Stipulation and Motion for Partial Dismissal as to Tait
Towers, Inc. and Rock Solid Holdings, LLC. See
Record Document 42.
December 2, 2016, EAN filed Rule 12(b)(6) Motion to Dismiss.
See Record Document 22. EAN seeks dismissal on the
grounds that EAN's status as owner, self-insurer and
alleged named insured does not create a conduit for relief
against EAN under Louisiana law, specifically, the Direct
Action Statute, La. Rev. Stat. § 22:1269.
October 4, 2017, LCTA filed a Petition for Intervention
(Record Document 65) with the Court. The Court granted the
Petition. See Record Document 72. In response to
LCTA's Petition for Intervention, EAN filed a Rule
12(b)(6) Motion to Dismiss on the same grounds it asserted in
its first Motion to Dismiss. See Record Document 82.
LCTA adopted by reference Fusco's opposition memorandum
(Record Document 26) filed in response to the same Motion to
Dismiss previously filed against Fusco by EAN (Record
Document 22), including the factual allegations made therein.
See Record Document 92.
LAW AND ANALYSIS
Pleading and Federal Rule of Civil Procedure 12(b)(6)
8(a)(2) of the Federal Rules of Civil Procedure governs the
requirements for pleadings that state a claim for relief,
requiring that a pleading contain “a short and plain
statement of the claim showing that the pleader is entitled
to relief.” The standard for the adequacy of complaints
under Rule 8(a)(2) is now a “plausibility”
standard found in Bell Atlantic Corp. v. Twombly,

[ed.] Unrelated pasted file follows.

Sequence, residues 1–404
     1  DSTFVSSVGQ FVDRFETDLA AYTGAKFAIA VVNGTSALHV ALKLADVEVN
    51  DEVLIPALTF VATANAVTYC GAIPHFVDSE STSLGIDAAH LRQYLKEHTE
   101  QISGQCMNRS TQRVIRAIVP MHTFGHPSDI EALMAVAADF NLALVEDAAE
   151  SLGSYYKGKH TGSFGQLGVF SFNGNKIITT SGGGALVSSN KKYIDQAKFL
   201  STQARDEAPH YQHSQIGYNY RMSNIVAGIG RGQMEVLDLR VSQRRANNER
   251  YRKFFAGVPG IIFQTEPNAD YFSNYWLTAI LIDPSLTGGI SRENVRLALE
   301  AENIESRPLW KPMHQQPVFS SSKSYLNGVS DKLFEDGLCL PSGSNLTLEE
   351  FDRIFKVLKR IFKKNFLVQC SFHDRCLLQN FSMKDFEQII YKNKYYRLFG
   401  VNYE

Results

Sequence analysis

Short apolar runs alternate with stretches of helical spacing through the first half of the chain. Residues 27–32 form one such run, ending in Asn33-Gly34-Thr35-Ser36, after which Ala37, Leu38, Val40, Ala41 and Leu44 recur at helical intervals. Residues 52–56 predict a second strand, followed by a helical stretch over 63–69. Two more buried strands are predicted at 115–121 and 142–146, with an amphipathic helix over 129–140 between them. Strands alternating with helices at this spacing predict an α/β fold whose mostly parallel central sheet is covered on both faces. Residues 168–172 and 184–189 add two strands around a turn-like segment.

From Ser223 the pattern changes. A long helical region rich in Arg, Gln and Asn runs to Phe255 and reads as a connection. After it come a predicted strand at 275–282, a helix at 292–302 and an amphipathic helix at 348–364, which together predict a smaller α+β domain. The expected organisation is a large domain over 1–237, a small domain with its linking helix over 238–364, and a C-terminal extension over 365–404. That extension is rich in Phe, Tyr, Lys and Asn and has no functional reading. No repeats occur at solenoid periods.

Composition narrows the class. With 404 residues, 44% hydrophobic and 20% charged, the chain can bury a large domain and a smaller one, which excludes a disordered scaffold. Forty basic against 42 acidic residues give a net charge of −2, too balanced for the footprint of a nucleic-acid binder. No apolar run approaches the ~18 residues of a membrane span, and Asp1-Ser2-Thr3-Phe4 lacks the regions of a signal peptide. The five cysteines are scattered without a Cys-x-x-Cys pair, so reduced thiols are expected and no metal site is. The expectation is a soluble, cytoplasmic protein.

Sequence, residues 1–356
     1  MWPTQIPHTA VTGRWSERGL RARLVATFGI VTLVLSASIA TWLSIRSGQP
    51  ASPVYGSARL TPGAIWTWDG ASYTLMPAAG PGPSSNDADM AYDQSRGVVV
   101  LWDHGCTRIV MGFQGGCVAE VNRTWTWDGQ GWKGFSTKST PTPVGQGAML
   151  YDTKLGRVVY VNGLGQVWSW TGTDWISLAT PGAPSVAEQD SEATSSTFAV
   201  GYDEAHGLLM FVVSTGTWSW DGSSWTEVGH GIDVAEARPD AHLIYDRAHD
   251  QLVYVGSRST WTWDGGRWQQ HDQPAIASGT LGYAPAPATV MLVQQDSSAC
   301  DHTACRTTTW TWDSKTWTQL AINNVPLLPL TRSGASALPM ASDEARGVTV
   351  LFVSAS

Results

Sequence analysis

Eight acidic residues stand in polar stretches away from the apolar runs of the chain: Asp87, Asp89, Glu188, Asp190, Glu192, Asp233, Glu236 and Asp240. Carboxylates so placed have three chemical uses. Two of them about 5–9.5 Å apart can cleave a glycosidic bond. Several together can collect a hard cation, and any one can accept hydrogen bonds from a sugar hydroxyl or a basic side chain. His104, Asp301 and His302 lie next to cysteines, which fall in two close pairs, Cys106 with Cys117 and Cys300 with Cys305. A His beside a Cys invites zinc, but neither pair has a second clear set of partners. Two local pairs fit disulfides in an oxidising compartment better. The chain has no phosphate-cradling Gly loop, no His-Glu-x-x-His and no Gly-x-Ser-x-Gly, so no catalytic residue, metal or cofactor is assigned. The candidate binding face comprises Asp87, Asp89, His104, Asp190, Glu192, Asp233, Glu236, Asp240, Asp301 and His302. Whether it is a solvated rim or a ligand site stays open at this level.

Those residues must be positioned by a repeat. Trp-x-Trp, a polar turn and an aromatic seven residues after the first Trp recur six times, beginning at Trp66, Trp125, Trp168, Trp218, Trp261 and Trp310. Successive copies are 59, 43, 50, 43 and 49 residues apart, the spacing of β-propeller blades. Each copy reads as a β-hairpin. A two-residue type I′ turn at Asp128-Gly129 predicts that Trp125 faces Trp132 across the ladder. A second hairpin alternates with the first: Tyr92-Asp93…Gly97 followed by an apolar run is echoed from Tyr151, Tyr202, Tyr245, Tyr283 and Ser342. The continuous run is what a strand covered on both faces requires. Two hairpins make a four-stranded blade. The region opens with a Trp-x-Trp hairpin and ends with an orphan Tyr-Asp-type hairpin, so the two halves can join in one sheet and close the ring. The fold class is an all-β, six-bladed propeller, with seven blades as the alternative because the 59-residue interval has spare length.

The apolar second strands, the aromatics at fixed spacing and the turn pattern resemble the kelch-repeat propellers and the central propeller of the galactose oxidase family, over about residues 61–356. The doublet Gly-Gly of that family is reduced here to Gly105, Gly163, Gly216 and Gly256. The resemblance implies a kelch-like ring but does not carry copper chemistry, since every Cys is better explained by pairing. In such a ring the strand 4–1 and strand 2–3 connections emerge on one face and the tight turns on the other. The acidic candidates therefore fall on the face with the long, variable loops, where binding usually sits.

550 U.S. 544, 127 S.Ct. 1955 (2007), and its progeny. Under
this standard, “factual allegations must be enough to
raise a right to relief above the speculative level ... on
the assumption that all the allegations in the complaint are
true (even if doubtful in fact).” Id. at
555-56, 127 S.Ct. at 1965. If a pleading only contains
“labels and conclusions” and “a formulaic
recitation of the elements of a cause of action, ” the
pleading does not meet the standards of Rule 8(a)(2).
Ashcroft v. Iqbal, 556 U.S. 662, 678, 129 S.Ct.
1937, 1949 (2009) (citation omitted).
Rule of Civil Procedure 12(b)(6) allows parties to seek
dismissal of a party's pleading for failure to state a
claim upon which relief may be granted. However, courts must
accept all allegations in a complaint as true. See
id. at 678, 129 S.Ct. at 1949. “[T]he complaint
must contain either direct allegations on every material
point necessary to sustain a recovery ... or contain
allegations from which an inference fairly may be drawn that
evidence on these material points will be introduced at
trial.” Campbell v. City of San Antonio, 43
F.3d 973, 975 (5th Cir. 1995) (citation omitted).
“[C]onclusory allegations or legal conclusions
masquerading as factual conclusions will not suffice to
prevent a motion to dismiss.” Id. at 975
(quoting Fernandez-Montes v. Allied Pilots
Ass'n, 987 F.2d 278, 284 (5th Cir. 1993)). Courts
considering a motion to dismiss under Rule 12(b)(6) are only
obligated to allow those complaints that are facially
plausible under the Iqbal and Twombly
standard to survive such a motion. See id. at
678-79, 129 S.Ct. at 1949. If the complaint does not ...